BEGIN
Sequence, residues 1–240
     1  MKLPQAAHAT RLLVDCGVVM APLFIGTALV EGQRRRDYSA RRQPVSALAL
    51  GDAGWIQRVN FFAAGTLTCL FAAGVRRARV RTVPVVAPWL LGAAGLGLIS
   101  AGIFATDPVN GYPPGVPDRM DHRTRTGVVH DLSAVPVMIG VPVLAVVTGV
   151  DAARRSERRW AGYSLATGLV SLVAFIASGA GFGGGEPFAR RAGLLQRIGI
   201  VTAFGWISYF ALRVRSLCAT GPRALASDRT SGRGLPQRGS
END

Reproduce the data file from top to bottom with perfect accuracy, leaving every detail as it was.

Sequence, residues 1–240
     1  MKLPQAAHAT RLLVDCGVVM APLFIGTALV EGQRRRDYSA RRQPVSALAL
    51  GDAGWIQRVN FFAAGTLTCL FAAGVRRARV RTVPVVAPWL LGAAGLGLIS
   101  AGIFATDPVN GYPPGVPDRM DHRTRTGVVH DLSAVPVMIG VPVLAVVTGV
   151  DAARRSERRW AGYSLATGLV SLVAFIASGA GFGGGEPFAR RAGLLQRIGI
   201  VTAFGWISYF ALRVRSLCAT GPRALASDRT SGRGLPQRGS